In a data analyst role, you are no longer in the interface between technical realms, but in the interface between technical and business realms.

Communication and translation will be critical, so work on that first. You are probably able to work with the data engineers at your new company pretty easily, so work on business.


It sounds to me like you have a case of imposter syndrome which happens pretty frequently to people joining new companies, especially if they're the only one on the team doing their particular role. There are several ways to help combat this, but the one that I would recommend is really making sure there's not a disconnect between the way you view yourself and others view you.

Talk to your manager on a regular basis and figure out if they're happy with your work/speed. Track the amount of work you're doing and see if it's similar to other people on your team. Often, people will feel they aren't working as fast as they "should" be, but it's actually a perfectly acceptable speed to everybody else on the team. You were hired as a junior, so unless your manager has explicitly said they're unhappy with your speed, they likely are happy with you. Imposter syndrome just steals your ability to realize that.

  • 2
    Yes, I was going to ask "Who is saying there is a problem" because I didn't see it in the question!
    – deep64blue
    Commented Sep 8, 2021 at 13:52

I would like to give a clarification of things have turned : I've been replaced from a senior but at the same time he's having my same difficulties and questions. My boss called and told me that it was not a problem of performance, so they will take disciplinary actions against the project team and I will be put on a new project.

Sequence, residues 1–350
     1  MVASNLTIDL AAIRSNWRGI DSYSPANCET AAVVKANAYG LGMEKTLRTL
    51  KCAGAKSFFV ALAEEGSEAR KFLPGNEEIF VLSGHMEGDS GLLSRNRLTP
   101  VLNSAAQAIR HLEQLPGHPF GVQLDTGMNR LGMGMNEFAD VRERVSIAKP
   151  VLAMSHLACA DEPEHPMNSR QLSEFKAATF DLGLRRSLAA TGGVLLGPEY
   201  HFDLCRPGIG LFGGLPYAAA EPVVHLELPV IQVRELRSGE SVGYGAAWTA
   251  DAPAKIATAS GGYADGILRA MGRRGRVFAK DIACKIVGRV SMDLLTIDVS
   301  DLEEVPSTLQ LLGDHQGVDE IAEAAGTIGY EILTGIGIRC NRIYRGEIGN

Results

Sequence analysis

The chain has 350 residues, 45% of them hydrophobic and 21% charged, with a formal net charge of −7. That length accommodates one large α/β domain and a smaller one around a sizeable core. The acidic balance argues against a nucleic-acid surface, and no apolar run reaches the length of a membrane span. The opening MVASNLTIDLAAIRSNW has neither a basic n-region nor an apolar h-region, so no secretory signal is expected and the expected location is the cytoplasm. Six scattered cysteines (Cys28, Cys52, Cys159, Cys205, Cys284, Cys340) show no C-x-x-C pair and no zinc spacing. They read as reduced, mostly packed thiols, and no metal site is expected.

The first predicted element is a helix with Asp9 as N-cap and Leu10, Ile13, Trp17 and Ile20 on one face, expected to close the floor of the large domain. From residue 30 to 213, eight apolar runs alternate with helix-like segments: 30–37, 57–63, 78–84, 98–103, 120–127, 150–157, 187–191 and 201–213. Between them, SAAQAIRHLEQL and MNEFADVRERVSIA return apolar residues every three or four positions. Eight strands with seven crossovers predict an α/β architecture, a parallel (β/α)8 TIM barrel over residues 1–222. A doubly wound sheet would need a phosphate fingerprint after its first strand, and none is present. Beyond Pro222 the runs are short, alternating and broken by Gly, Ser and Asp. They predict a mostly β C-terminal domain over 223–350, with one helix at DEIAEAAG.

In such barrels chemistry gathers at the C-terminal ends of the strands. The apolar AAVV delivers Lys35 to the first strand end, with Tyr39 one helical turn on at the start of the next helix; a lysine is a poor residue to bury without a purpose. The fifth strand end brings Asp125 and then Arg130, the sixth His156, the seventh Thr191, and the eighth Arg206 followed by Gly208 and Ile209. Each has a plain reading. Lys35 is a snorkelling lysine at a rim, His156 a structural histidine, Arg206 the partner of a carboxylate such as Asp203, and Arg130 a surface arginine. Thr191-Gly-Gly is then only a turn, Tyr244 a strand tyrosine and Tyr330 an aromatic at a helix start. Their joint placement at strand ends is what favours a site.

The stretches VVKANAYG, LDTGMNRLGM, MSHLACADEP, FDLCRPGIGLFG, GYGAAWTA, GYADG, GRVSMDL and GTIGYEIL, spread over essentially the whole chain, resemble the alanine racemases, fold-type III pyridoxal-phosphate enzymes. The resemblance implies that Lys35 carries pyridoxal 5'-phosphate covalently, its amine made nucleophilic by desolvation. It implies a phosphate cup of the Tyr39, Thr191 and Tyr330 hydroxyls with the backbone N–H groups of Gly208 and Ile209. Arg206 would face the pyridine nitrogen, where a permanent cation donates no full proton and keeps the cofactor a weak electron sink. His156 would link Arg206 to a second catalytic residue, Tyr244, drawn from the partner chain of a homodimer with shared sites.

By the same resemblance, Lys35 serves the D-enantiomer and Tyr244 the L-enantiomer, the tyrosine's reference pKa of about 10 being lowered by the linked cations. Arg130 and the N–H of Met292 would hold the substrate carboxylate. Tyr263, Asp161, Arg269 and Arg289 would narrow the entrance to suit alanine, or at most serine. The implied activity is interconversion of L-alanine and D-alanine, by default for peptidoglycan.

While the PM of this team emailed all HR and made a shit of me, they still wanted to hear from next project a positive feedback to cancel this story.

The only problem is that with the load of work It's not easy to study for certifications and data model / BI new stuff.

A bad situation ended in a good way(kind of). Thank you for all your answers

After 1 year : Put in a new project where I'm always since that post, a senior narcisist colleague changed company and I've been left alone, they've been hell months in that time, but I've managed to do Data engineer and Analyst activities alone and fixing all his mistakes. Now I Do Junior PM, Create POC's (and since now two projects have been approved by client :-) ), Fix what others sometimes aren't able to do, Junior Solution Architect, DBA .


Trust yourself, ask for more details, listen more. Then listen more, even more. What people want really? They need more speed or someone reliable?

At work in my experience speed is important, but what is crucial is be part of the team, help team, explain what do you plan to do, how do you plan to do and then do it.

Then ask for review of the process, data, everything.

Non techical people can underestimate how much time need a simple task ( "why aren't machine able to understand how do this? " ) and amount of details you need to complete your work.

Be patient, work on details and talk with people and listen ( visually also ) what they really need.

Don't be shy! Ask questions, kindly, but continue to ask!